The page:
Sam Whoa

The warning sign came in the form of a beige Melmac plate with a floral design nuzzling the edge. It was hard to look at the faded hamachi (yellowtail), smoked salmon, and red maguro (tuna) stitched with milky strands of something and arranged over the plate, because it seemed so odd to be served raw fish on something that looked more at home holding pork 'n' beans and smoky links.

No surprise then that this lackluster presentation coughed up sushi that was all warm and hard to swallow. The taco (octopus) was spongy and limp. The hamachi was fatty and fishy tasting. Instead of satiny and delicate, the tuna was mushy and sinuous. Smoked salmon was soggy, flaccid, and sewn with tough stringy edges.

Makes you wonder what kind of fish Sam Won is getting from the monger, maybe the throw-backs--or the throw-arounds. Be cautious here, unless you have a tequila-hardened stomach.

Sushi aside, there's really nothing in this Japanese-Korean hybrid that titillates the palate, or doesn't threaten the gullet. Even the décor is a little squalid. Along one wall, tables are made into little cubicles with dividers made of badly warped den paneling. The walls are dotted with framed fans and pictures. Each framed nicety was badly cockeyed, and a pair of them leaned into each other.

The three-ring bound menu is a verbose collection of Asian fare with cut-and-pasted color copier pictures of bento boxes that look like TV dinner trays dipped in purple touch-up paint. There's hibachi grill barbecue, broiled beef intestine casserole, broiled goat casserole with vegetables, and spicy octopus. The latter was a collection of arms that chewed like they had been clipped from a rubber toy. They even had good rubber memory, assuming their original state after each dental compression. It was hard to decide which would be more detrimental: spitting them out, or swallowing them whole.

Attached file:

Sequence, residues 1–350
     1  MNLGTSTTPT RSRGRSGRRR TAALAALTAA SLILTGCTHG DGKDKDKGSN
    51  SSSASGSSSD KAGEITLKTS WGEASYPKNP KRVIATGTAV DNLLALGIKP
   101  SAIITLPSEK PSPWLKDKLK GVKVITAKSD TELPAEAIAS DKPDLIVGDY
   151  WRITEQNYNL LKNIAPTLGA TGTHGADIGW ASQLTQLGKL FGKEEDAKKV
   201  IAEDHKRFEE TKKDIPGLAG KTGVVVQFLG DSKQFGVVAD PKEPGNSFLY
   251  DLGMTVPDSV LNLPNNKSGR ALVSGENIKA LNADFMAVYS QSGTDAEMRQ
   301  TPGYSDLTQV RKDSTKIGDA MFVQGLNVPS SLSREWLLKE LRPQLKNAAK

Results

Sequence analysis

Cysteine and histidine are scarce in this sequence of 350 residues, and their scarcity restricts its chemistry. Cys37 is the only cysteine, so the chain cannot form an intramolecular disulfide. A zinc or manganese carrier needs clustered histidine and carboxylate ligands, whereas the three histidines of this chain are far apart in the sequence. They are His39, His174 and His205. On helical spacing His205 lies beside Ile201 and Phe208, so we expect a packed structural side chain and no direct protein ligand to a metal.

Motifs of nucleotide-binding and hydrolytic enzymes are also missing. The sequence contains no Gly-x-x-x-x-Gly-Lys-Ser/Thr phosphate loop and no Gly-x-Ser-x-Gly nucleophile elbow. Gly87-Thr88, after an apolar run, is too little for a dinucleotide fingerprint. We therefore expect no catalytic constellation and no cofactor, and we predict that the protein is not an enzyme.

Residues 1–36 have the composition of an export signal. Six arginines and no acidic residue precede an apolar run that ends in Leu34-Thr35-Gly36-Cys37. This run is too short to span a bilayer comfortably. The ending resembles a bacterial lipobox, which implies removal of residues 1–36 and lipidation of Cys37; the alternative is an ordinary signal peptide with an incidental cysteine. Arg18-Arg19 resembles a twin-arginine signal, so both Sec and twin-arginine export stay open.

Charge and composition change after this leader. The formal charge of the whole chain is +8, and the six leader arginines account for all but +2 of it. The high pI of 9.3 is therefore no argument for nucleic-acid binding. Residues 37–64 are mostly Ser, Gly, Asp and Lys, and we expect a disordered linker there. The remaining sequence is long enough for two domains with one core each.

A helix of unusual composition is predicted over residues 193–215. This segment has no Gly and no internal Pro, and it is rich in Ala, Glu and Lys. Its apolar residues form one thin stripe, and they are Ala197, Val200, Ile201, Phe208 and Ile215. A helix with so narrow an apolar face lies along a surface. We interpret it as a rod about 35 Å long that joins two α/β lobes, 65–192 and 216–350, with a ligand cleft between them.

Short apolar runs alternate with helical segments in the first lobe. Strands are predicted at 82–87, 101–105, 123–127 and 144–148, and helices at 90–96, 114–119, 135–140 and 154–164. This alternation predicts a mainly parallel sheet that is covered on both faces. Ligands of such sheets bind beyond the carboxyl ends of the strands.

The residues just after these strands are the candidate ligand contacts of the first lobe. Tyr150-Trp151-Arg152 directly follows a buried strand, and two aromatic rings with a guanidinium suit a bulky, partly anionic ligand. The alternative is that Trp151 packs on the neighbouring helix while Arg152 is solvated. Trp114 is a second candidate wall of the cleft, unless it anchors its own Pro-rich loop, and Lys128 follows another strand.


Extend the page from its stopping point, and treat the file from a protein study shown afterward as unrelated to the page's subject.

Korean entrées mostly took the form of soups in a clay pot. Little melmac dishes of Korean vegetables are served as a prelude. Wedges of potently flavored radish root were spicy and succulent. Bean sprouts were supple, juicy, and crisp, but the kimchi was tepid.

Served in a clay pot, u-dong is a congested soup with seafood stock floating thick, rectangular strands of plain gummy noodles. Large slices of surimi, strips of tofu, and mushroom shavings were tangled among the gum tentacles. Then we discovered a stray element in the crowded slurry that seemed misplaced. Underneath a snarl of noodles was a shriveled battered shrimp, its cloak washed-out, gummy, and separating from the body, its shape somehow straightened out of its fetal coil. The meat was dismal: bleached, flaccid, void of briny sweetness.

Blandness and washed-out scraps of dry, gristly beef marred the dol sot bi bim bap, a beef soup disguised as a clay pot casserole. Filled with rice caramelized into a stiff crust along the sides of the pot, this dish featured little flavor and a barely identifiable assortment of overcooked vegetables.

The most provocative foray here, other than the beef intestine or the goat casseroles, was the spicy caviar soup. A clay pot held torn strips of cabbage, large squares of phlegm-hued tofu boiled into flaccid tatters, and slices of mushroom in a spicy, ocherous broth. Also floating in the puddle were mottled swellings of fish flesh, which were actually cod roe. These pieces of meat were dry and gritty, with virtually no flavor, save for a ghost of brininess. Actually, when considering the vividness of flavors served here, beige Melmac is a good serving choice. --Mark Stuertz

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